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Gustave Flaubert (1821 - 1880)

Lifespan: 1821 - 1880

Related: French literature - modernist literature

To his friend Ernest Chevalier Flaubert declared: "there are only two men I esteem: Rabelais and Byron, the only two to have written out of an intention to spite humanity and laugh in its face." [Oct 2006]

Titles: Madame Bovary (1857) - Salammbô (1862) - The Temptation of Saint Anthony (1874)

Gustave Flaubert's work is a mixture in almost equal parts of the romanticist and the realist traditions.

Literary critic Peter Brooks sees Flaubert as marking a turning point in the history of the novel. He writes that "any discussion of plot … needs to confront Flaubert, since his relation to traditional uses of plot can only be described as perverse. His mature work is indeed carefully structured by a systematic perversion of plot as a central system of narrative organization and meaning" (Reading for Plot, 171)

In a comment typical for European intellectuals of the late 20th century, Gustave Flaubert, in a letter to George Sand, said: "I believe, that the mob, the mass, the herd, will always be despicable." --via John Carey [May 2006]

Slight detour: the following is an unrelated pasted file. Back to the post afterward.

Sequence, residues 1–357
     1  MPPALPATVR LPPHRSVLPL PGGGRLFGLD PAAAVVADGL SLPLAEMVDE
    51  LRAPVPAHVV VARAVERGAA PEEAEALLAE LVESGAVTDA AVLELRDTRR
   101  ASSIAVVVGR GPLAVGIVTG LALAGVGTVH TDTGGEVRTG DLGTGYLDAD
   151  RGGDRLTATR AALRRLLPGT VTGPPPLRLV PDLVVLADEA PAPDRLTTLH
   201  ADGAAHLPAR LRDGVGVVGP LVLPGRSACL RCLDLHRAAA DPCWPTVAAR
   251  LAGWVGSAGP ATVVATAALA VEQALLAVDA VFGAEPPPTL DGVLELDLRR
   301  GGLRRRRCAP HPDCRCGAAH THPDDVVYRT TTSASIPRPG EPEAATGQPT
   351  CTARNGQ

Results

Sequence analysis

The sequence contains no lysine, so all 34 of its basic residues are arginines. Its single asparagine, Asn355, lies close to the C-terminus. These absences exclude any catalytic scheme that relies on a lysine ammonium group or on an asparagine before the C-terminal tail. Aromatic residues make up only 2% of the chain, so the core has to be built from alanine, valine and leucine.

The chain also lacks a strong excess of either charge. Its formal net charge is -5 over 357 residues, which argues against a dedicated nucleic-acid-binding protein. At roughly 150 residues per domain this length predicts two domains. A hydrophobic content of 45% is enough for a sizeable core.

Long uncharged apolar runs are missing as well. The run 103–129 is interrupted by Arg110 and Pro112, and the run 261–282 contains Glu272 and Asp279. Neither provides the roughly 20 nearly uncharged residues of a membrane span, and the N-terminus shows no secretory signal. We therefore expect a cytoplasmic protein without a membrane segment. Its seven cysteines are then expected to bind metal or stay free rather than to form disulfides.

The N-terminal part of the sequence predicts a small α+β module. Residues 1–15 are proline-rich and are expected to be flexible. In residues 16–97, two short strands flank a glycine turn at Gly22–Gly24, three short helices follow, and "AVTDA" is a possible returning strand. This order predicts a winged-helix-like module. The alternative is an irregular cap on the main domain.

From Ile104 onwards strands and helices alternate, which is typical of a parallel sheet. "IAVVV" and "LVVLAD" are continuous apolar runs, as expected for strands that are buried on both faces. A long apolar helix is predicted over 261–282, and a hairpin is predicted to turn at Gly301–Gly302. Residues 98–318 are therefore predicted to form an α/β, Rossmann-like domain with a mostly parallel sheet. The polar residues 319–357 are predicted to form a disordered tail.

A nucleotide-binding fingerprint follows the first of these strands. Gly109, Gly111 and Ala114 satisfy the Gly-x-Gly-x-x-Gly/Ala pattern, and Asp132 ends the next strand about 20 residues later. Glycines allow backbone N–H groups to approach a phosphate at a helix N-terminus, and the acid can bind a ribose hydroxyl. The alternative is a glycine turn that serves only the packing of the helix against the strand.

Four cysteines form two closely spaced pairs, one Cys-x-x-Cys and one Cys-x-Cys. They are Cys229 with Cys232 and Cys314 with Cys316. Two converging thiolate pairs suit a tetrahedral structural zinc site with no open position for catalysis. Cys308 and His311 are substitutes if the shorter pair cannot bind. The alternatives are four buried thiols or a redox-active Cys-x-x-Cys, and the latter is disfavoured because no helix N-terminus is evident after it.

Gustave Flaubert (December 12, 1821 – May 8, 1880) was a French novelist who is counted among the greatest Western novelists. He is known especially for his first published novel Madame Bovary and for his scrupulous devotion to his art and style, best exemplified by his endless search for le mot juste ("the precise word"). --http://en.wikipedia.org/wiki/Gustave_Flaubert [Dec 2005]

Dictionary of Received Ideas

Dictionary of Received Ideas (in French, La Dictionnaire des Idées Reçues) is a satirical work by Gustave Flaubert, lampooning the cliches endemic to French society under the Second French Empire. The book takes its form as a dictionary of catchphrases and platitudes, most of which are as paradoxical as they are insipid. In part, the book illustrates the transformation of modern man under machine capitalism by exploring the way that dialogue becomes prefabricated, and the ways in which meaning becomes divorced from context.

At the time of Flaubert's death, it was unclear whether he intended to publish the book separately (though he may have been wary of creating a scandal, as he had with his earlier Madame Bovary), or as an appendix to his unfinished novel, Bouvard et Pécuchet. In some of his notes, it seems that Flaubert intended the dictionary to be taken as the final creation of the two protagonists of the latter novel.

The work is similar in many respects to Ambrose Bierce's The Devil's Dictionary. --http://en.wikipedia.org/wiki/Dictionary_of_Received_Ideas [Dec 2005]

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